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Wedding Ceremony in a Graveyard? We asked our ministers and couples what they thought...

Published Tuesday, Feb. 25th, 2020

Advice from professional wedding officiants on how to have your wedding in a cemetery or graveyard



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AMM Audio Articles · Wedding Ceremony in a Graveyard? We asked our ministers and couples what they thought...



When we were asked if we had any tips on “planning a cemetery wedding ceremony,” it raised a few eyebrows. But the more we thought about it, the more it made sense.


For many cultures, celebration of the afterlife is a big part of their spiritual practice, and graveyards are places where the living can connect with their history and ancestors. 


Ram Dass taught us that “In our Western culture, although death has come out of the closet, it is still not openly experienced or discussed.”


Michel de Montaigne, another philosopher who challenged us to think more deeply about life wrote that, “we are in death, whilst we are in life.” 


Why not double down on that philosophy and tie the knot surrounded by the symbols of death?


It turns out we aren’t the only ones who find inspiration in death, just as we do in life. Couples around the world have incorporated symbols of death into their wedding ceremonies, and graveyard wedding ceremonies are actually much more common than you might think.



A chair sits outdoors in the grass as part of a wedding ceremony at a cemetery



If you believe that the deceased live on in the memories of the living (we sure do) then it makes sense to conduct the ceremony in their presence. (As a side note, if you haven’t seen the movie Coco, do yourself a favor and watch it.)


“Couples often want to share their big day with loved ones, whether they are alive or dead,” one minister in New Orleans told us. “They want to feel the presence of their ancestors.”


Some couples choose to say their vows in graveyards to remind themselves of the importance of life. One former groom explained that his graveyard wedding was a reminder that nothing physical would remain one day, but that love transcends time and space. “As we stood there together, it felt like nothing else mattered except the person in front of me,” he said.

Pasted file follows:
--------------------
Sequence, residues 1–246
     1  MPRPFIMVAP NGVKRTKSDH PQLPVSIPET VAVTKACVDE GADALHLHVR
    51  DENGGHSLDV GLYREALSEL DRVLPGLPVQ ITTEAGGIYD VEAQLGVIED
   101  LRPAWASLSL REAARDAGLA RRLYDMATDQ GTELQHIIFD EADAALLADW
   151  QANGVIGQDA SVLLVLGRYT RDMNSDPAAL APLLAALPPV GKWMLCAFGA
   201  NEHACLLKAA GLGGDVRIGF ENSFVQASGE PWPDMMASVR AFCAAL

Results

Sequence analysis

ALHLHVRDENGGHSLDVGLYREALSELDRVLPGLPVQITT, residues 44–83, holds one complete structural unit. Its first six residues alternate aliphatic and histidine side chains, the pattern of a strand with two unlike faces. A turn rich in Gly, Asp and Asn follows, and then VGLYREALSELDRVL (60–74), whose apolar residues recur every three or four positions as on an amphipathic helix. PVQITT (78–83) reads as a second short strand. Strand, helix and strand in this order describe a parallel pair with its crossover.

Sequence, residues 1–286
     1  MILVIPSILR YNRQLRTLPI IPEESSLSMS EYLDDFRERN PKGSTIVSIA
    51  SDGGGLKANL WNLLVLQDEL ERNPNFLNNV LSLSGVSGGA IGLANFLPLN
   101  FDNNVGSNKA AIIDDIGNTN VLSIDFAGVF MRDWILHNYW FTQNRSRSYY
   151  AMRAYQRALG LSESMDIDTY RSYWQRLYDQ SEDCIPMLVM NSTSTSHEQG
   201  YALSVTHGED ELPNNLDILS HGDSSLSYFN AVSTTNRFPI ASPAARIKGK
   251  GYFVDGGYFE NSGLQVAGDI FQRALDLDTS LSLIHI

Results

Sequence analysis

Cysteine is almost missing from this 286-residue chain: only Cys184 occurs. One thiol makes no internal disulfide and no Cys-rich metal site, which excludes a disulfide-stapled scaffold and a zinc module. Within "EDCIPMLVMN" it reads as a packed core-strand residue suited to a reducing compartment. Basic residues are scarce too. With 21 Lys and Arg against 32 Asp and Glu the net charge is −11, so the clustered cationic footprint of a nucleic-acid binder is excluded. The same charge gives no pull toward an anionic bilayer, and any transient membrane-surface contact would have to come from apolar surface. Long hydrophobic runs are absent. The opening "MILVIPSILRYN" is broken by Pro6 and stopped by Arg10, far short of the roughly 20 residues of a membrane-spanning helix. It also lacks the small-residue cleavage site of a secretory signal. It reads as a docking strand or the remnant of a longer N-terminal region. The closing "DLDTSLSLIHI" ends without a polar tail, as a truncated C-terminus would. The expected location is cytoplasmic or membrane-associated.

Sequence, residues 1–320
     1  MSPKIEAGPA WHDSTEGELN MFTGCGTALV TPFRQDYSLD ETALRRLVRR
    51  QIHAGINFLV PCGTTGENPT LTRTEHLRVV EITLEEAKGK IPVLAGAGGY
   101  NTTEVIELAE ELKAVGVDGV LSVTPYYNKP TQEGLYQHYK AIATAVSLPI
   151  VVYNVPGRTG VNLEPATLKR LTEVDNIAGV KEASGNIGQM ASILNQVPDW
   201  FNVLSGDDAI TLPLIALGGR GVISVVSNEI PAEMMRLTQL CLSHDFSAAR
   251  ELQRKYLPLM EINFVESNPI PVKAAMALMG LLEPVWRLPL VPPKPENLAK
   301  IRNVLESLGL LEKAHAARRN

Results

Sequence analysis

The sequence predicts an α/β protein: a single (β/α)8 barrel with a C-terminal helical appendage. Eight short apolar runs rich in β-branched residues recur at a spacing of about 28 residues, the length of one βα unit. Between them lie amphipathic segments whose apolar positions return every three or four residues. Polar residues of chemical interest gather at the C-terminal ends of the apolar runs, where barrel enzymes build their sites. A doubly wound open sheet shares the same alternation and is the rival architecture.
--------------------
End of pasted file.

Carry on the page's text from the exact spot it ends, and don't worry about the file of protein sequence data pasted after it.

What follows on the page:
We didn’t have a large pool of ministers or couples to draw from for this blog post, but in terms of logistics, folks felt it was best to keep it simple. For starters, you aren’t going to have the space to set up anything elaborate, and furthermore (and most importantly), you want to respect the gravestones and gardens.



Cemetery weddings are best suited for couples that would rather just say their vows, perhaps conduct a few ceremonies, and then move on to the celebration of life (and death) elsewhere. Here are a few more tips to make sure your ceremony does what it’s supposed to do -- celebrate your love in a way that reflects who you really are:


1. Get Permission

Cemeteries are sacred ground, and it’s important that you respect the people who care for the grounds, and the families of the deceased who come to visit. This way, you can also get advice about parking, where to set up, and other matters.

2. Communicate your Intentions

For many guests (especially older family members) the concept might be a bit jarring, but once you explain why you are tying the knot in a cemetery, they will understand. Explaining your intentions to guests will also help you formulate your thoughts, and might help you understand why you are doing it this way.

3. Respect the Space

If your guests are standing amongst the gravestones, it’s important that you are respectful of these markers, and that you don’t leave any trace. Since your wedding ceremony is a moment to respect those who have gone before you, it’s important that all your guests do the same.


Our ministers have officiated weddings jumping out of airplanes, under water, ziplining through the air, and it turns out, also in graveyards. Our advice is, focus on the ceremony and creating something that reflects who you really are. The rest will follow!

Lewis King
Lewis King

Staff Writer

Lewis loves exploring the space between power, discourse, and material reality where institutions like marriage are defined. He also wears other hats at AMM, like taking out the recycling and restocking the sparkling water.

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